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The colloquial term for parental sharing of images of their children online is “sharenting”, and it’s very common in our digital age.  But posting a child’s life online for the whole world to see comes with known risks to the child’s safety and privacy.  Many parents are now well aware of precautions they should be taking when sharenting (obviously, not revealing your child’s home address, for instance).  However, what happens if you share parenting with your ex, and you have very different views on whether the children’s photos should be uploaded to social media or not?

Risks of sharenting

Aside from the danger of predators stalking a child in real life after locating them through social media, there’s also the threat of paedophiles appropriating innocent images and misusing them:

“The Australian eSafety commissioner had said that 50% of all images on paedophile image-sharing sites had originated on family blogs and on social media. And these weren’t pictures of children nude. They were pictures of kids doing everyday activities, but they were being targeted by paedophiles and collected and then being used for bad purposes”.

Then there is the danger of identity theft or “digital kidnapping”. Barclays Bank research predicts that by 2030, almost two thirds of all identity theft cases will be due to what parents have shared online about their children. Fraudsters gather information from names, birthdays, addresses inadvertently revealed by parents, with the information used to steal identities and/or crack passwords.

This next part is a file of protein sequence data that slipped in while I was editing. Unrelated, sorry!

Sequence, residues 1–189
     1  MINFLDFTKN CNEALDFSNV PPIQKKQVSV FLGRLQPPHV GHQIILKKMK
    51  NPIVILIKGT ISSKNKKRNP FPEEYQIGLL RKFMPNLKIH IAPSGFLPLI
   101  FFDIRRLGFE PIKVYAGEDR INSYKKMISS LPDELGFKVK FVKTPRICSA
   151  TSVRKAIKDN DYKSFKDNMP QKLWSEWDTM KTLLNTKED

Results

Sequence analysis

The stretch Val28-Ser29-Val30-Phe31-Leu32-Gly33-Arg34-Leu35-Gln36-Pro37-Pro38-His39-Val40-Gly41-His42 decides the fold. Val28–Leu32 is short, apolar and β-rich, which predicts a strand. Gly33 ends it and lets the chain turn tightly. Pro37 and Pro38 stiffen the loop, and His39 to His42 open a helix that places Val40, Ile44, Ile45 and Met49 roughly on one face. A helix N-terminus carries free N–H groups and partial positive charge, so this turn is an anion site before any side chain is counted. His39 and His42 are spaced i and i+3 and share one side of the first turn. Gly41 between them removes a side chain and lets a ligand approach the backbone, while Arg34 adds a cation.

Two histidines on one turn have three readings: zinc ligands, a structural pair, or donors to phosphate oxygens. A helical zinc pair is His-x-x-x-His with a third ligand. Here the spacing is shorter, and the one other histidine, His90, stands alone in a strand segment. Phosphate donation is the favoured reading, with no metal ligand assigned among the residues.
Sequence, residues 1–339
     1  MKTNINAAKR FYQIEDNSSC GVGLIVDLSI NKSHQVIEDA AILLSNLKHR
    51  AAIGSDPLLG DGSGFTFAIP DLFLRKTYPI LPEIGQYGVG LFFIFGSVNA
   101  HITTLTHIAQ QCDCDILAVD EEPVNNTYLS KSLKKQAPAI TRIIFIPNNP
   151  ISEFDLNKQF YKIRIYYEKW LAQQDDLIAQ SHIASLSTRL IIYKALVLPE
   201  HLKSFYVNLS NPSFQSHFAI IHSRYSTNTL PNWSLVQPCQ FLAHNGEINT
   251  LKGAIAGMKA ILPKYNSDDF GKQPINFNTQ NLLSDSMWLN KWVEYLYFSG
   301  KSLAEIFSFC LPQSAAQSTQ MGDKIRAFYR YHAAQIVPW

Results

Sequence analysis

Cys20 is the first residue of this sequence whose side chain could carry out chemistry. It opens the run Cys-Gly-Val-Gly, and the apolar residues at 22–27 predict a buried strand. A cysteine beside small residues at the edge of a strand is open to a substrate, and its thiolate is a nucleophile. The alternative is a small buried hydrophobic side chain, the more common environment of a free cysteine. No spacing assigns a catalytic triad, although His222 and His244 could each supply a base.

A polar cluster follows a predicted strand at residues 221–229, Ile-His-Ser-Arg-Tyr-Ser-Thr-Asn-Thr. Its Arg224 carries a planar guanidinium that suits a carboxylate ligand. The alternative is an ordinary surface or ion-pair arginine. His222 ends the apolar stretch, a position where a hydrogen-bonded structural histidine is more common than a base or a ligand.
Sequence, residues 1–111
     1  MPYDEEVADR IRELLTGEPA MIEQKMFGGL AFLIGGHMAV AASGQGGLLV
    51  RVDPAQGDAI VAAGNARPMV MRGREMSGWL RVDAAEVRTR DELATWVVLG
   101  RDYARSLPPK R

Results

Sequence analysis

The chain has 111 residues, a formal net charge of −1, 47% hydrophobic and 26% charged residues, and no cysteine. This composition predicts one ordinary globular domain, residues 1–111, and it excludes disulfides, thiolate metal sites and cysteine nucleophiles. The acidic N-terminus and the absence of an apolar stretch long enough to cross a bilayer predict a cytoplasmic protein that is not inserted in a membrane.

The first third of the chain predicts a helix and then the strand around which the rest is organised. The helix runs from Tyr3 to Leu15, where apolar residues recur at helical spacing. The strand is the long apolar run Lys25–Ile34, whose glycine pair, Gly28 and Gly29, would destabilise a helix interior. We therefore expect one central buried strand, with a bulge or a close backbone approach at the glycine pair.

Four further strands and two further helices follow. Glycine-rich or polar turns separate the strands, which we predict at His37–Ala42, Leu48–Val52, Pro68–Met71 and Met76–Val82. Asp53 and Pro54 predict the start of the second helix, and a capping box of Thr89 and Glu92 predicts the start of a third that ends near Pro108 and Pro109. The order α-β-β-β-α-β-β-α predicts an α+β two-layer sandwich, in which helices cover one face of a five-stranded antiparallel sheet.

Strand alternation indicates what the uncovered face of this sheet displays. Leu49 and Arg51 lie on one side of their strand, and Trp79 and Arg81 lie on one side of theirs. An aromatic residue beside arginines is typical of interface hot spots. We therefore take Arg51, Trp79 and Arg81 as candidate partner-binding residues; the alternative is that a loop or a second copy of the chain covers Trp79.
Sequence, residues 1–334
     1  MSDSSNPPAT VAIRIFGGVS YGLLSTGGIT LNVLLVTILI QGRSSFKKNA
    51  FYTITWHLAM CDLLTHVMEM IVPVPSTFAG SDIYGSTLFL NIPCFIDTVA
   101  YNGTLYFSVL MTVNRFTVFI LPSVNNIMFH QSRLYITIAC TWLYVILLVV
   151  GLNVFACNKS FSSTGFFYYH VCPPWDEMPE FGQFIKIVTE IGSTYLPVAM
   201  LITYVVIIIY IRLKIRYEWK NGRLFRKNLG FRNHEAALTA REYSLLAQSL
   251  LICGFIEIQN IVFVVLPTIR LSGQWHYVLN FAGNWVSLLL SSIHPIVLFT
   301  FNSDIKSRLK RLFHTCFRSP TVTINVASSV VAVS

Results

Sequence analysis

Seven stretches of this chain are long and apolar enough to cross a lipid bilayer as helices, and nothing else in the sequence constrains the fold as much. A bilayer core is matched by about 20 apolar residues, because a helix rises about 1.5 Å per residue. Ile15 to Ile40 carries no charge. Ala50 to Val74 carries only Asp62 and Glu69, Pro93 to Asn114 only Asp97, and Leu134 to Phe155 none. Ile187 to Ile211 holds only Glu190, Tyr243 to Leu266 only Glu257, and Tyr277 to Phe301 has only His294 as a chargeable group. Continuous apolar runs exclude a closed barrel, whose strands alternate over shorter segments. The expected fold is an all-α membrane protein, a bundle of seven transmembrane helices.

Privacy is the other main issue.  It’s especially important in relation to children, as they are vulnerable due to their lack of power and lack of option to consent.  It’s not yet known what the long-term impact of sharenting may be for children and whether there will be repercussions in adulthood due to their digital footprint.

Australia has growing recognition of children’s rights and they are increasingly treated as autonomous agents possessing rights.  In 2013 Australia appointed its first National Children’s Commissioner to ensure children’s voices are heard on decisions that affect them. And policy and research regarding kids now aims to be more inclusive of their views.

Perhaps a time will come when legislation is amended so that children have more rights in relation to sharenting and to clarify parental responsibility around it.  In some jurisdictions around the world, there is evidence of that occurring. 

For example, in Monaco, the court system divides parental responsibility into “usual acts” (which can be performed by only one parent, as the consent of the other parent is presumed) and “non-usual acts” (which need the agreement of both holders of parental responsibility).  Their case law has established that the courts regard sharenting as a “non-usual act” which therefore requires both parents’ agreement, otherwise it is found to be against the best interests of the child. What’s more, the child can sue the sharenting parent for breach of privacy in a civil liability action brought by the other parent on the child’s behalf (limited to within five years of the instance of sharenting occurring).

Other risks of sharenting